ABRAXAS: The Somber Beauty of Ricardo Bofill’s Parisian Social Housing Vision
abraxas, abrasax, abracadabra. a Gnostic mystery and probable mistransliteration that has fascinated for two millennia. That which is spoken by God-the-Sun is life; that which is spoken by the Devil is death; abraxas speaketh that hallowed and accursed word which is life and death at the same time. abraxas begetteth truth and lying, good and evil, light and darkness in the same word and in the same act. Wherefore is abraxas terrible.
— From the third of Carl Jung’s Seven Sermons to the Dead (1916)
“Les Espaces d’abraxas” (literally “abraxas’s spaces”) is the name architect Ricardo Bofill gave to the 600-dwelling social housing project he and his Taller de Arquitectura built at Noisy-le-Grand, less than 8 miles east of Paris, in 1978–83. It was one of several such projects realized by Bofill in France, all of which he intended as alternatives to the Modernist grands ensembles that had dominated public-sector housing production in France’s postwar era.
To counter what was perceived as the soullessness and lack of identity that reigned at the grands ensembles — which mostly took the form of utilitarian slabs and towers set among grass and parking — Bofill abandoned their concern for rational organization around sunlight and vehicular access in favor of high-density monumental “Baroque” planning dressed up in columns, predicaments, and entablatures. Realized at an industrial scale, his Neoclassical housing projects were built using standardized high-quality prefabricated-concrete elements developed in partnership with construction companies.
Commissioned by a Communist municipality, Abraxas was conceived as a “Versailles for the people” — as Bofill memorably described an earlier scheme at St.-Quentin-en-Yvelines. Three edifices make up the Abraxas project: the cliff-like 19-story Palacio, the semi-circular ten-story Teatro, and, enclosed at the center of the space formed by these two mastodons, the slightly more modest Arco. An obvious descendant of grandiose Classicizing Eastern-bloc schemes like Moscow’s Seven Sisters or Berlin’s Stalin- (now Karl-Marx-) allee, Abraxas nonetheless differentiates itself by eschewing their discredited Social Realism in favor of a troubling mantle of Surrealism. Here it is the silent, empty, melancholy spaces of Giorgio de Chirico that are embodied in a self-reflexive seeing machine, a claustrophobic auto-policing Panopticon where a thousand blank eyes stare down you in dumb surveillance.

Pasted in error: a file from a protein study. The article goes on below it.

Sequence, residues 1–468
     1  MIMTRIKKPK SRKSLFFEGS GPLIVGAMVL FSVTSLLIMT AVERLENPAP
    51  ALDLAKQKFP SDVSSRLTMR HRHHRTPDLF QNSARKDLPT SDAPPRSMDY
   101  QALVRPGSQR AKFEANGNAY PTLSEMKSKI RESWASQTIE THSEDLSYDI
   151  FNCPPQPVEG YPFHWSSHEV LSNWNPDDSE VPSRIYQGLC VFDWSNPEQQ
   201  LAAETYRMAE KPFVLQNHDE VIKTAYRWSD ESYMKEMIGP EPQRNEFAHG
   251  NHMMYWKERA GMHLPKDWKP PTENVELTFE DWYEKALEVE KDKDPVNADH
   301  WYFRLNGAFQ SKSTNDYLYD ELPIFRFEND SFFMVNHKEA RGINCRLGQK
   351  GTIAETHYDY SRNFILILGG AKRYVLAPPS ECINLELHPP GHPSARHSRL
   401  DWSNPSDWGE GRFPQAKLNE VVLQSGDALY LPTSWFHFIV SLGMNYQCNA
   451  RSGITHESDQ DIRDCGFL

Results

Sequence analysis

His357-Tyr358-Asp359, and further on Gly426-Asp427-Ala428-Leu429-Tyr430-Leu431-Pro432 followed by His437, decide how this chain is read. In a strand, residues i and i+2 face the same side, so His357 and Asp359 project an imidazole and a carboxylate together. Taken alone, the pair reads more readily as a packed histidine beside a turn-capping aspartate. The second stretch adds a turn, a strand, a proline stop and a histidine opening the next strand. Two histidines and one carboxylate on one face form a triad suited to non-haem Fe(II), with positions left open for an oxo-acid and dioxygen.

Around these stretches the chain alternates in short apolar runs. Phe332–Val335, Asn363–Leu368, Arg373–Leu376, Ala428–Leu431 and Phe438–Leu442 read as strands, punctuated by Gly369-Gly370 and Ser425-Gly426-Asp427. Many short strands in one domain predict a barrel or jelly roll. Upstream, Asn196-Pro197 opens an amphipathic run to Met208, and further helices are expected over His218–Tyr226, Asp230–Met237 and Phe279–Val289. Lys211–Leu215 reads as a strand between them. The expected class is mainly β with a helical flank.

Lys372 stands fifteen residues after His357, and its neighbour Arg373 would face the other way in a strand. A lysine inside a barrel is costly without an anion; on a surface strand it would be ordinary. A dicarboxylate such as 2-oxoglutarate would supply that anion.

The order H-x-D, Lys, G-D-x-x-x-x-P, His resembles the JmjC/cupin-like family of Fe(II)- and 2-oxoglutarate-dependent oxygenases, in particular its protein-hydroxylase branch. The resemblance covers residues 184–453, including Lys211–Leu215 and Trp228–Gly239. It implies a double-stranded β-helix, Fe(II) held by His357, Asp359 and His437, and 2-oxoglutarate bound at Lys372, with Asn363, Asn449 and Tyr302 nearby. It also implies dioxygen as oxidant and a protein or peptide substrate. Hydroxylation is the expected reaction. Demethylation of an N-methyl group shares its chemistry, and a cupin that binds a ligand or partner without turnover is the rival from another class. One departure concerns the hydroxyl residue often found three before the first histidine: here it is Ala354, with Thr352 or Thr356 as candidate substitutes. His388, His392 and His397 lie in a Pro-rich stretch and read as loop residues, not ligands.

In Abraxas, the inflation of scale often renders form and content out of synch — columns turn out to be staircase towers or living-room windows, while entire apartments shelter in a two-story Doric frieze. Supremely photogenic, like much totalitarian spectacle, Abraxas stood in for the FBI headquarters in Mais qui a tué Pamela Rose? (2003), and for dystopia in general in Brazil (1984). Or as Bofill himself said about an earlier Maison d’Abraxas he planned but never built at St.-Quentin, “The staircase will stop at a platform from which one could listen to music by Wagner... or commit suicide if one so desired.”
Text by Andrew Ayers
Photography by Devin Blair
A version of this story was published in PIN–UP 13.